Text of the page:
State v. Franklin Kincey, unpublished opinion, App. Div. Docket No. A-3205-09T3 (July 9, 2010) – Order excluding statements made by defendant intercepted in wiretaps as unduly prejudicial under N.J.R.E. 403 affirmed.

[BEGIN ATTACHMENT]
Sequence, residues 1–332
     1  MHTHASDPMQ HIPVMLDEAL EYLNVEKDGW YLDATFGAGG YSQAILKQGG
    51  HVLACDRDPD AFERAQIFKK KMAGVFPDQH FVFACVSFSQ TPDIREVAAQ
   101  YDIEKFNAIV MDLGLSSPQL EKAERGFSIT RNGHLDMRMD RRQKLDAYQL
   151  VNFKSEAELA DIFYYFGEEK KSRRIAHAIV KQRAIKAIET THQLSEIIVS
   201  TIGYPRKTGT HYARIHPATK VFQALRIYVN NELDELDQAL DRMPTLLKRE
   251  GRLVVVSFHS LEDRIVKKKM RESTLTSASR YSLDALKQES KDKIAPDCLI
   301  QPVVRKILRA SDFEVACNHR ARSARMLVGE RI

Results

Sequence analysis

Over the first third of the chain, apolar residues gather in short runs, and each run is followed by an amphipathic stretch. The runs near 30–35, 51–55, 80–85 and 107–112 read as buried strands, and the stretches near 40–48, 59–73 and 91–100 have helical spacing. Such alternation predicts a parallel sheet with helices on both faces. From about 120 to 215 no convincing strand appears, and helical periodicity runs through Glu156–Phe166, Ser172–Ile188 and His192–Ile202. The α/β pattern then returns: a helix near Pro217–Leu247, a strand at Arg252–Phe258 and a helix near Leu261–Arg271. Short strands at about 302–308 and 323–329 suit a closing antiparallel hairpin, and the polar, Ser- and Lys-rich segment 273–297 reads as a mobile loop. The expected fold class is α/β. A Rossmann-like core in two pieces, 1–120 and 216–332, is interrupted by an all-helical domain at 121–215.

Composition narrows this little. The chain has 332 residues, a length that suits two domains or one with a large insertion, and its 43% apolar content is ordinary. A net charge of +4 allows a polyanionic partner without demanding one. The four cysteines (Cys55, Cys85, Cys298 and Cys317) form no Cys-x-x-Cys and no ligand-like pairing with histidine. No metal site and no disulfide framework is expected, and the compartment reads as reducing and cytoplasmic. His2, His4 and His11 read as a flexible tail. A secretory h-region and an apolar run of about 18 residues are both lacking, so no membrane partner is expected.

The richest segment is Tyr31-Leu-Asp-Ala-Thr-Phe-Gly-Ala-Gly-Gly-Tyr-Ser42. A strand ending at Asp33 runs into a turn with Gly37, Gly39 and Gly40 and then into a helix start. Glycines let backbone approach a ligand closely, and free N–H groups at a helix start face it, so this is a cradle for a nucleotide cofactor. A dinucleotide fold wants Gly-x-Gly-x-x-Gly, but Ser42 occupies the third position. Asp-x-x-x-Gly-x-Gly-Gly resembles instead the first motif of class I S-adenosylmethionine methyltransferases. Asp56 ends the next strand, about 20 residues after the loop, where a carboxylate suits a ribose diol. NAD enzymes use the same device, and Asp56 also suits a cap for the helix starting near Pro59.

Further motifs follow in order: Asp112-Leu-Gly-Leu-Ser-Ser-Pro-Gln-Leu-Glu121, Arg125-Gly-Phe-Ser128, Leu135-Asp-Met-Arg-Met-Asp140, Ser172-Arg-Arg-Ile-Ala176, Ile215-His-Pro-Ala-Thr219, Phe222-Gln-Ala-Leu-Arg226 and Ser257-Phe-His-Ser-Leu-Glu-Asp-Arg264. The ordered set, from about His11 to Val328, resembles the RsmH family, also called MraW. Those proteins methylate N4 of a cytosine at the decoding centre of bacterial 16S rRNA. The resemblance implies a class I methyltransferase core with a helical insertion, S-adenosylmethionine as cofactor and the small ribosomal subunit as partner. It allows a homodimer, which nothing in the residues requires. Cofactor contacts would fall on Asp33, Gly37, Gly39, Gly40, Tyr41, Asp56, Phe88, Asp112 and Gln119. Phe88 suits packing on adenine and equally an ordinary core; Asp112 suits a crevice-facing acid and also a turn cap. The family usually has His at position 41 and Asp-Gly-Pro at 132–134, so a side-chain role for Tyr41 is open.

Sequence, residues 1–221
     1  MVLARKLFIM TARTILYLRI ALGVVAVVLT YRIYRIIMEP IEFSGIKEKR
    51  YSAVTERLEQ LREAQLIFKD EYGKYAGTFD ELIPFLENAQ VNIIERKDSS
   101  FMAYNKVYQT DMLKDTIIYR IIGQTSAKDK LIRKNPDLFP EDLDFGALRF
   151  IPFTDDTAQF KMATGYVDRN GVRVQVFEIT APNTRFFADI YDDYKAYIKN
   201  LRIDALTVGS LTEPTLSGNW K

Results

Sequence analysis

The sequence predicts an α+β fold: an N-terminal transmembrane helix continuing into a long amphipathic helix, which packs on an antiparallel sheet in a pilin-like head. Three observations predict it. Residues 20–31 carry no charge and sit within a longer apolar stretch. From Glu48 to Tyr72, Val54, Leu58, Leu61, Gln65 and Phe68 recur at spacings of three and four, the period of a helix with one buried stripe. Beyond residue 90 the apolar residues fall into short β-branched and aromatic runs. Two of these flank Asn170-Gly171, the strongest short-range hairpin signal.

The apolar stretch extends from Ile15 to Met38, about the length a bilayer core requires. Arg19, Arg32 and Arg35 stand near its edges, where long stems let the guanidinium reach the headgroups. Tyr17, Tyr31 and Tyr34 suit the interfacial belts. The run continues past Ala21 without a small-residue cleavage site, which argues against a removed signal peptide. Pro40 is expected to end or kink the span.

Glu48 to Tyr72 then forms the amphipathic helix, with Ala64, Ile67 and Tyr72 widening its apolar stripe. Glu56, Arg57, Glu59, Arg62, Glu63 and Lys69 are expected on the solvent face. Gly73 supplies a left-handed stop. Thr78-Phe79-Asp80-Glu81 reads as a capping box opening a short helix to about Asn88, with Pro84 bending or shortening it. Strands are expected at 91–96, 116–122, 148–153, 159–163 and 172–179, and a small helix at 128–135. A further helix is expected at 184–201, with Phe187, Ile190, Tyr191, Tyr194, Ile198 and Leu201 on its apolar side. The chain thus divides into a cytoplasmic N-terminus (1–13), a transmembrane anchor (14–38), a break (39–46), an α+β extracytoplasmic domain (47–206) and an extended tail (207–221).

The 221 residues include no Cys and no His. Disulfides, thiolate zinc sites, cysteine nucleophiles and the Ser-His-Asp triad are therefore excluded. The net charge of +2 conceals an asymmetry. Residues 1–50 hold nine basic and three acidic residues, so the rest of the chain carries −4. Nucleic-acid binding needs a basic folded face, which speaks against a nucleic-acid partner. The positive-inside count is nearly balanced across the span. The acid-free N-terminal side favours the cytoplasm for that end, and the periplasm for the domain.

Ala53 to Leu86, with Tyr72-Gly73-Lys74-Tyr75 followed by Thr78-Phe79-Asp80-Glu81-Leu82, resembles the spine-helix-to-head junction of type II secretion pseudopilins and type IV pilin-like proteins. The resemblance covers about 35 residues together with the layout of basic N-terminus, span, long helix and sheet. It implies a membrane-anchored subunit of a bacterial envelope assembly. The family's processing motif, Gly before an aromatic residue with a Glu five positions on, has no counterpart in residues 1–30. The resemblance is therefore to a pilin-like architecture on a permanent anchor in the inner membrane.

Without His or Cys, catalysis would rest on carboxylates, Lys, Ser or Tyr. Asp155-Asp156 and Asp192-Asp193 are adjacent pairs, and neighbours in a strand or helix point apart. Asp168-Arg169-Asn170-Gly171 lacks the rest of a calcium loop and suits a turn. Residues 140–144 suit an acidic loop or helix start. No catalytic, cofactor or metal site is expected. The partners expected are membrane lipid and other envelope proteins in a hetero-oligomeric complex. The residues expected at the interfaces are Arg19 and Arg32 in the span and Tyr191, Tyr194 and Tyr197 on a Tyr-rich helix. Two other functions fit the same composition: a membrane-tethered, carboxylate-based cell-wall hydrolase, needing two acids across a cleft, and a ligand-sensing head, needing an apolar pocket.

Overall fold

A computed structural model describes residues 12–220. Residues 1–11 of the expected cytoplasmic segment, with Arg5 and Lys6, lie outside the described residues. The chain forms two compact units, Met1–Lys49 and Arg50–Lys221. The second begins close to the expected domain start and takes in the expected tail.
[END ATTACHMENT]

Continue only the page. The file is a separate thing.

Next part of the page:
“[T]he judge … denied the State’s motion, determining pursuant to N.J.R.E. 403 that the limited probative value of the evidence was offset by the danger of undue prejudice, unfair surprise, undue consumption of trial time, and the possible confusion of issues attendant upon the introduction of collateral matters. In reaching this conclusion, the judge separately discussed the three topics contained in the conversations, commencing with those in which Kincey expressed gratitude that Kim and Spencer had not disclosed to the police evidence that could have ‘buried’ him and put him ‘under the jail.’… [He also ruled] that the State had ‘clearer more probative evidence of Defendant’s consciousness of guilt to avoid his apprehension including but not limited to Defendant’s act of fleeing to Atlantic City’ and his stipulation…. [T]he trial judge properly exercised his discretion in barring the admission of conversations regarding flight. The fact that purposeful flight occurred has been conceded. Further, evidence of that fact can be conveyed to the jury through police testimony and other proofs that are more compelling in their nature and far clearer than that contained in the telephone calls the State seeks to introduce. We are also satisfied that Kincey’s comments with respect to evidence of culpability for the shooting, the strength of the prosecutor’s case, and his own defensive tactics are sufficiently cryptic so as to lack substantial probative value and that their introduction would serve only to waste time and confuse the jury…. We note in analyzing Kincey’s comments, that none is specific as to the nature of Spencer’s or Kim’s knowledge of Kincey’s criminal conduct. The State seeks their introduction in order to raise the inference that the comments relate to the shootings at issue. Viewed in that light, their prejudicial effect is substantial. Their probative value is harder to gauge, since Kincey does not concede in any of the statements that Spencer’s and Kim’s knowledge relates to the shootings themselves and, when viewed in light of Kincey’s criminal history, the statements are ambiguous…. In these circumstances, in which the probative value of the wiretaps is questionable and their prejudicial effect is substantial, we find no clear error of judgment on the trial judge’s part in rejecting their admissibility and no manifest denial of justice as the result of the judge’s determination.”